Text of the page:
Two must-read media columns posted and in print today in The New York Times and Washington Post: Ben Smith’s Media Equation column about the current, idiosyncratic iteration of the historic Harper’s magazine; Margaret Sullivan’s Washington Post column about Elizabeth Becker’s new book on three groundbreaking women reporters in Vietnam entitled “You Don’t Belong Here: How Three Women Rewrote the Story of War.”
Both columns are good; each has its own oddity.
Ben Smith (no relation) has carved out new territory with his weekly column on media matters in the NYT’s Business section, reporting on the fast-changing world of media. Today, he gives a vivid account of the venerable, 170-year-old Harper’s under the eccentric stewardship of its publisher/owner John R. MacArthur, the heir to the real estate and insurance fortune that funds the MacArthur “genius” grants.
MacArthur has compelled his small, young, underpaid staff to continue to come to the Harper’s office in Manhattan during the Covid crackdown and has recently drawn attention with the magazine’s open assault on what he sees as the “intolerant climate” of political correctness and cancel culture. This, in a magazine that has historically been among the most liberal voices, is startling, but not radical. As one columnist described it, Harpers today is “not anti-woke, but simply not woke.”
Today’s Media Equation column is an excellent read. The oddity that caught my eye was in the print edition, delivered daily to the doorstep of ancients like me. The headline on the business page front reads: “Inside the Venerable Harper’s, Media’s oddest workplace.” The headline on the jump on page two reads: “Inside the Venerable Harper’s, Media’s Weirdest Workplace.” Evidently, whoever wrote the headlines (not a copy reader, The Times is doing without those these days,) felt “oddest” was understating it.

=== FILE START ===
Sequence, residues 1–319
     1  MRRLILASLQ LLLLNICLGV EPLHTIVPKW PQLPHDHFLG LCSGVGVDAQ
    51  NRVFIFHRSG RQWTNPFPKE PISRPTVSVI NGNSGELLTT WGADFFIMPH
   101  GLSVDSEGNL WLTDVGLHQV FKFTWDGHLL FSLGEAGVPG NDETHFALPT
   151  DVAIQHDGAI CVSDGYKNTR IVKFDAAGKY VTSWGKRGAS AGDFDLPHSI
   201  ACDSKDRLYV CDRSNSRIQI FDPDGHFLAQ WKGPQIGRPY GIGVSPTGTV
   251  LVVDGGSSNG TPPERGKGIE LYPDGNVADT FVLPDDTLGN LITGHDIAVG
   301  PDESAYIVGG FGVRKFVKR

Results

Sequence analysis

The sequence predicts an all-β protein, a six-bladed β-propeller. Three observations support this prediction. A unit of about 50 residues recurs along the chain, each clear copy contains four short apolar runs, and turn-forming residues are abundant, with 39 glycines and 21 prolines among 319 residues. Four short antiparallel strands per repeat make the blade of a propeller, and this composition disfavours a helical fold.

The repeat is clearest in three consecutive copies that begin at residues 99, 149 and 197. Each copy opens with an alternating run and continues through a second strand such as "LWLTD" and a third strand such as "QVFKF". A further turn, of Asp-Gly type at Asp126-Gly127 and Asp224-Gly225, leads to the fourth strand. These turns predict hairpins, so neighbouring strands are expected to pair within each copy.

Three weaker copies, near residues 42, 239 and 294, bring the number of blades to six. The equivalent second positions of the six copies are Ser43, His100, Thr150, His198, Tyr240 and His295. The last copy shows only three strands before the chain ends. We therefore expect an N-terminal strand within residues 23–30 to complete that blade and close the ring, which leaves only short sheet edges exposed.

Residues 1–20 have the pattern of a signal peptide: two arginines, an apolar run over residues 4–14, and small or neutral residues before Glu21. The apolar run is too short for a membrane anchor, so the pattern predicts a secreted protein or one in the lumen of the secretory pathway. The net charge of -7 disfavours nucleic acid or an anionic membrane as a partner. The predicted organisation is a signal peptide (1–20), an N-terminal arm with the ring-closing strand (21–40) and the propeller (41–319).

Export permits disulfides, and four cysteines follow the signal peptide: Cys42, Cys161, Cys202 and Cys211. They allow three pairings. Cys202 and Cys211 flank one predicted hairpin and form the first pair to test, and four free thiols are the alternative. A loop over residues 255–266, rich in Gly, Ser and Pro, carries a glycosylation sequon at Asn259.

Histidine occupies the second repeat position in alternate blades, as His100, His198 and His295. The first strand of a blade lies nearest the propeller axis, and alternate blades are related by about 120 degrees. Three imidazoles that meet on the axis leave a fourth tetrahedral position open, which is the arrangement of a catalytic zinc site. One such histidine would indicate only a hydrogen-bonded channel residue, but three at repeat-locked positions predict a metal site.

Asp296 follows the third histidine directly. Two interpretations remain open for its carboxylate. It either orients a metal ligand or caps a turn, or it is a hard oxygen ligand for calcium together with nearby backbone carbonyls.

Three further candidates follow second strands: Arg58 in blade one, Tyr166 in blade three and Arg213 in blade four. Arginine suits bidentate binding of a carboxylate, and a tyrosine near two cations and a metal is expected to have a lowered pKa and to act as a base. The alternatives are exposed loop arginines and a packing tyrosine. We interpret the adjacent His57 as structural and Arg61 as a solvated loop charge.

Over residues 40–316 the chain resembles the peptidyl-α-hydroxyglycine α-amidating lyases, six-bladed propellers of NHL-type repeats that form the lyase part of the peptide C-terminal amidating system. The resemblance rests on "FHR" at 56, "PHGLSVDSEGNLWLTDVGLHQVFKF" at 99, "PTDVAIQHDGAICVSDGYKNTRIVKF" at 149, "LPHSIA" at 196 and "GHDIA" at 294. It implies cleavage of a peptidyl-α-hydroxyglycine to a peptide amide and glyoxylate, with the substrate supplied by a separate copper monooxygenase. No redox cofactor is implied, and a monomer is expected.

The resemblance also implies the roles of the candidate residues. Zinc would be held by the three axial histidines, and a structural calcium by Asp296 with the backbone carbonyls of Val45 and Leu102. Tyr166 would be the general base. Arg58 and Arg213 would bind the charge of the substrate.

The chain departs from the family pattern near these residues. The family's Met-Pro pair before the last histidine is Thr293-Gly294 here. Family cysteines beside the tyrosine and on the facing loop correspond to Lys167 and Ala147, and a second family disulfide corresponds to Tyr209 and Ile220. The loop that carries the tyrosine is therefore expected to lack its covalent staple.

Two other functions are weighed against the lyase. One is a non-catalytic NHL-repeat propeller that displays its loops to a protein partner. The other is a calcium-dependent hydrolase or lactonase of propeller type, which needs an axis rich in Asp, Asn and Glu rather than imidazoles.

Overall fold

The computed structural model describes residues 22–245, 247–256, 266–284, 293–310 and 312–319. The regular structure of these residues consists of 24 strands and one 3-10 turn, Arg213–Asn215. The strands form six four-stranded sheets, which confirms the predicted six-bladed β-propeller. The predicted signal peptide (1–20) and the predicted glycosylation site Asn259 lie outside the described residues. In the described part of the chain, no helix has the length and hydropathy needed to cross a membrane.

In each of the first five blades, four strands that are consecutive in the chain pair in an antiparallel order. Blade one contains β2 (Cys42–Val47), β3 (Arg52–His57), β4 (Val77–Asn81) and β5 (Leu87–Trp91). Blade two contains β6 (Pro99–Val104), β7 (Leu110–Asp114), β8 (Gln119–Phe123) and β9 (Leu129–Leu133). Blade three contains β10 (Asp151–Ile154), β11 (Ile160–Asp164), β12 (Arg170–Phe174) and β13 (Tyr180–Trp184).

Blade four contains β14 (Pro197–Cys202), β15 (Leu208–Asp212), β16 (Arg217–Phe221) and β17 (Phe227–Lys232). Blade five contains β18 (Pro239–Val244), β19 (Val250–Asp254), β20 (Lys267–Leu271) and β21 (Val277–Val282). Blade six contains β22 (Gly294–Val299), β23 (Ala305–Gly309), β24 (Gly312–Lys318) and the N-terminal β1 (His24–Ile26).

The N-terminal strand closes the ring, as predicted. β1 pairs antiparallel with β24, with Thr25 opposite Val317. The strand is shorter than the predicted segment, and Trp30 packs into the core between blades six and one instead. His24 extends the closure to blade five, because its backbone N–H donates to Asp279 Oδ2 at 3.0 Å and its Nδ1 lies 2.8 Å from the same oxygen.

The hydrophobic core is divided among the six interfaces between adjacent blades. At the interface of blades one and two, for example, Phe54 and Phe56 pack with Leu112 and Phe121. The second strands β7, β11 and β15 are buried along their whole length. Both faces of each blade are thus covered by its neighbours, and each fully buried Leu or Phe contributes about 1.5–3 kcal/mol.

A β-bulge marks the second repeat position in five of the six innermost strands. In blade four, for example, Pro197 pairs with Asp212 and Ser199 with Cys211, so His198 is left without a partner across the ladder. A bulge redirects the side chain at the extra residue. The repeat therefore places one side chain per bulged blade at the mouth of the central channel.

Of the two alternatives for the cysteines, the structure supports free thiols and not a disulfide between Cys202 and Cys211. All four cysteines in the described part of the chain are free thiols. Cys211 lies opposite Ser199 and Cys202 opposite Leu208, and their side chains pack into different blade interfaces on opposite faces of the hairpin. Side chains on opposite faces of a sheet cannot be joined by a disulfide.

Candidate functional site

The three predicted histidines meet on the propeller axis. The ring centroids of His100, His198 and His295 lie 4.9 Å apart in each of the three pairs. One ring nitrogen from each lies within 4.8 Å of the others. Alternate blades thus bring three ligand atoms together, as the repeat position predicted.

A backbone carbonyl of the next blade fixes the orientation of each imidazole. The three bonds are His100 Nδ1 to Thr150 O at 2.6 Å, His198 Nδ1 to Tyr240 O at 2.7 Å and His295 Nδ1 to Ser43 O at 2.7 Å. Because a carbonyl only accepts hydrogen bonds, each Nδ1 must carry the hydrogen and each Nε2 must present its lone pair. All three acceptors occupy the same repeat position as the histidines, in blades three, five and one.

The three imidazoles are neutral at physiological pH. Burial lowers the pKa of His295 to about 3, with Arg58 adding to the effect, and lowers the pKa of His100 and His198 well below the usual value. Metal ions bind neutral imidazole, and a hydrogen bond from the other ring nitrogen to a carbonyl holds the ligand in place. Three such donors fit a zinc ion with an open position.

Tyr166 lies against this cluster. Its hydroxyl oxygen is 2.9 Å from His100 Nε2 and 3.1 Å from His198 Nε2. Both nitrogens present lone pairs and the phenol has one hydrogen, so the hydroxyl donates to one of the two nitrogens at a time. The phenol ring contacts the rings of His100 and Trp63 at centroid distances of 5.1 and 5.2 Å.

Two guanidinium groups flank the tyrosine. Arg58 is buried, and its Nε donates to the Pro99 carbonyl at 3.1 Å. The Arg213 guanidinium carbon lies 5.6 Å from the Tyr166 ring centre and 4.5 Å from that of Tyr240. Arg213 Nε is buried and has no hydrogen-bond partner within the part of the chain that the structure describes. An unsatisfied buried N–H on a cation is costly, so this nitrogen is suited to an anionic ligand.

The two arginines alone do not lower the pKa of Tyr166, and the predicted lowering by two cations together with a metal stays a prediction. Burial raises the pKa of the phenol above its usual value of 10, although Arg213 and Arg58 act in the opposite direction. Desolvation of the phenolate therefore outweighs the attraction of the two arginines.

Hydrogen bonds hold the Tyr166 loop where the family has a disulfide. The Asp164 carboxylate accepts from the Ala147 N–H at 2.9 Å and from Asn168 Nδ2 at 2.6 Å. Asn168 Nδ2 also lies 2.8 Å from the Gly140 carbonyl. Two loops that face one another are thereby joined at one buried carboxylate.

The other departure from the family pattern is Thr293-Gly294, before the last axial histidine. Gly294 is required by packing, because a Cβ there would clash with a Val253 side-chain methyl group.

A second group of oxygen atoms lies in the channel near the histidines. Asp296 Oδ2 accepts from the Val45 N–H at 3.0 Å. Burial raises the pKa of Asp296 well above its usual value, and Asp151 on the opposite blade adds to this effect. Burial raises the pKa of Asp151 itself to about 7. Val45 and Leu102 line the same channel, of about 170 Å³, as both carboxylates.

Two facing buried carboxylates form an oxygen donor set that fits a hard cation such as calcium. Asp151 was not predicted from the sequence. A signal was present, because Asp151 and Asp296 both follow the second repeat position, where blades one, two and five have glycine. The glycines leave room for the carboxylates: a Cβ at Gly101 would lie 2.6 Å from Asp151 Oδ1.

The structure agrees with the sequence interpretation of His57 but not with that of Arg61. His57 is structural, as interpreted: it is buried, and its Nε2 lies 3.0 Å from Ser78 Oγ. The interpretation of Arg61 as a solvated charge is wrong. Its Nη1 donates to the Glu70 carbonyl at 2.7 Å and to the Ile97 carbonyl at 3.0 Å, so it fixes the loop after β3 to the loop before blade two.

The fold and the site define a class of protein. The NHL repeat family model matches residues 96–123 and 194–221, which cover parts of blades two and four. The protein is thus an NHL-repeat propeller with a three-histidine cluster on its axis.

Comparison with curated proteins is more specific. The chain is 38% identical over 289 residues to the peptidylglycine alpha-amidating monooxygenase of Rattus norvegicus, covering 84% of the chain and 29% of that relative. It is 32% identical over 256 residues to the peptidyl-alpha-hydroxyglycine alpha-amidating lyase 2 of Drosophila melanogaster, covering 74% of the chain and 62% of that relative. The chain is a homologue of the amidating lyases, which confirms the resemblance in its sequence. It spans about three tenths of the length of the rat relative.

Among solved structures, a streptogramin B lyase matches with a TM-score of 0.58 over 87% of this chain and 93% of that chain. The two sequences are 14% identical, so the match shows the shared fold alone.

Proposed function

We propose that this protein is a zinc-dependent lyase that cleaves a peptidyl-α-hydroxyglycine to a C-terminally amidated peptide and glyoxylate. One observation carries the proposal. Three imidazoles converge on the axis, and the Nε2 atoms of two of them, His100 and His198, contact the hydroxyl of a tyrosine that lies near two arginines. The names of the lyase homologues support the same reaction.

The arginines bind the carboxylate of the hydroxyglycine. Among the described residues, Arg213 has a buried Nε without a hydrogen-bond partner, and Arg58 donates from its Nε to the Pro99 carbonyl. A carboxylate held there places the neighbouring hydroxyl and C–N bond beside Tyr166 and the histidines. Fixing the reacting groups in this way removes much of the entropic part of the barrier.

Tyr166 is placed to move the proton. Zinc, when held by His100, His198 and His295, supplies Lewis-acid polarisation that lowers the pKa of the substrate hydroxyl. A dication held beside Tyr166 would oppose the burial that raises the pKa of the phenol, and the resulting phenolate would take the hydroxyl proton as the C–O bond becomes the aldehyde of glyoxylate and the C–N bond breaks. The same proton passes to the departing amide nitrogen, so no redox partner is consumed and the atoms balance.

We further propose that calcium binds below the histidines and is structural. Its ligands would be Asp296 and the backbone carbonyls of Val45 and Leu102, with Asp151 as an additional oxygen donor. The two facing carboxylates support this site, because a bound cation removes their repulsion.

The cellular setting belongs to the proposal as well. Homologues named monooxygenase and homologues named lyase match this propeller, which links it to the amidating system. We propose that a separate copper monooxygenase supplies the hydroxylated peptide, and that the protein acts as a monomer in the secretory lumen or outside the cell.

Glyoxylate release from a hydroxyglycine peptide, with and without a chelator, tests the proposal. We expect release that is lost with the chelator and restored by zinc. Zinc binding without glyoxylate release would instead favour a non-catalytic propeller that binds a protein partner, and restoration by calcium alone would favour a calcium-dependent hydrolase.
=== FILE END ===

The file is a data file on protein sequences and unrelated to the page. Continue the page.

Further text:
In the Washington Post, Margaret Sullivan offers a bright and positive review of Elizabeth Becker’s account of the Vietnam reportage of three women: Frances FitzGerald, Kate Webb and Catherine Leroy. It is a fine book by Becker, herself an outstanding war correspondent in Cambodia, but it all but ignores the extraordinary Gloria Emerson, who joined the Saigon bureau of The New York Times in 1969-1970 when I was the Bureau Chief. Gloria, who passed away in 2004, provided The Times’ readers with marvelous, graceful accounts of the human cost of that fruitless war.
Gloria Emerson should be featured in any account of women on the war. But that’s okay. She wrote her own book, “Winners & Losers: Battles, Retreats, Gains, Losses and Ruins from the Vietnam War,” that won the National Book Award in the 1970’s. It was reissued on the 50th anniversary of the war.